‘Those you’ve mentioned do some really important things to help a lot of great artists release records, put on shows and help continue important conversations that don’t always get the chance to be developed elsewhere. Given our position in Stevenage, we’ve often been on the periphery of some of those communities but try to contribute where we can. The kind of networks you’re talking about are vital for a lot of people. Not only in that they provide a platform for the marginalised to discuss pertinent issues, but they also lead to potentially safer environments for those conversations to take place in. I think that’s pretty important looking ahead given the current state of building ownership, licensing and profit-driven purchasing of space in a lot of cities.’
These are the networks and environments that the band favour on tour and their schedule of live dates suggests a restless desire to connect with acolytes and the initiated, but they also betray an intent to convince the unfamiliar. A couple of years ago they supported Royal Blood, not an association that many would expect, yet the experience nevertheless brought them into contact with a different type and scale of audience:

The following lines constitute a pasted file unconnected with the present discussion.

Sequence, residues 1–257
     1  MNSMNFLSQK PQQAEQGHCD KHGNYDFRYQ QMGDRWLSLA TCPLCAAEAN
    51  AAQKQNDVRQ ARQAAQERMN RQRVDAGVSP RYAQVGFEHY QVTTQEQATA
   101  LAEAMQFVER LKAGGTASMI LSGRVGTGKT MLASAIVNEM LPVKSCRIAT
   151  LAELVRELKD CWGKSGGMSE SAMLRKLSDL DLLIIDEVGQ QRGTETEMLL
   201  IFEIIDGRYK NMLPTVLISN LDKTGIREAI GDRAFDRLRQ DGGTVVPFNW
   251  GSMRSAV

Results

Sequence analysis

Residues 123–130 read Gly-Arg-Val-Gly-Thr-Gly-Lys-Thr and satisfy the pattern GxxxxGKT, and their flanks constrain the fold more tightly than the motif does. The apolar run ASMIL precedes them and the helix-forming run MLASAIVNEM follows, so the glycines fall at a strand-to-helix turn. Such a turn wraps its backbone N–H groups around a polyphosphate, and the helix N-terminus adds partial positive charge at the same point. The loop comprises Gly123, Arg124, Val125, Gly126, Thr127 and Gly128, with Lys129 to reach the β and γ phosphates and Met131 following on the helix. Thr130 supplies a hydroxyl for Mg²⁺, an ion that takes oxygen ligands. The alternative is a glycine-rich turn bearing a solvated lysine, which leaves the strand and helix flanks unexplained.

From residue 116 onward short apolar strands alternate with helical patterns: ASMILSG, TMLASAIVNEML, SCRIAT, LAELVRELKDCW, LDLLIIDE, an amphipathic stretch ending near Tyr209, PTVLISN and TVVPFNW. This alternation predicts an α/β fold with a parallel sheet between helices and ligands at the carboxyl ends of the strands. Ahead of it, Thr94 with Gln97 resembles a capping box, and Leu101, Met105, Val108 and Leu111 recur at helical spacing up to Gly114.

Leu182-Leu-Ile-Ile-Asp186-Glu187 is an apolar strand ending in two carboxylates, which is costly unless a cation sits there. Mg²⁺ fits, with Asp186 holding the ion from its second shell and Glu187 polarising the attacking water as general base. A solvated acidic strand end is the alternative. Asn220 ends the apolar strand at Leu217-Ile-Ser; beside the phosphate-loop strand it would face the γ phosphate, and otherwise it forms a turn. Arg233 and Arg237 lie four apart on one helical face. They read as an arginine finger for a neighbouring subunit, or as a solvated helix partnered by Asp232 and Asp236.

‘Deciding to do that tour is kind of necessary when it comes to understanding our mindset. Playing those shows had nothing to do with the idea of positioning or aspiration, it was more about getting the chance to present an alternative to what was being served up. Why would you say no to the chance to play in front of a few thousand people and have the opportunity to challenge some of the perceived notions of what making art is about? At least we arguably made some people think, whether it be positively or negatively, for a couple of minutes. That’s more than I would have done shifting cement bags back home.’
Presenting alternatives to dismal mediocrities, cutting through the contrivances of media and politics, representing working class origins and disseminating the grievances of the excluded seem to be the foundational motivations for Bad Breeding as a project, yet there's no delusions of grandeur, wrongheaded righteousness or a sense of supposed victimhood. Frankly it’s what happens when a few friends live in a provincial town, work jobs that are a means to an end, are pissed off by the state of things and want to create their way out of frustration.
There are indications that the way in this frustration is enacted is becoming increasingly receptive to exploratory ideas. On ‘D ivide’ they worked with Ben Greenberg of Uniform and drew ever closer to enlivening their sound with unexpected incorporations: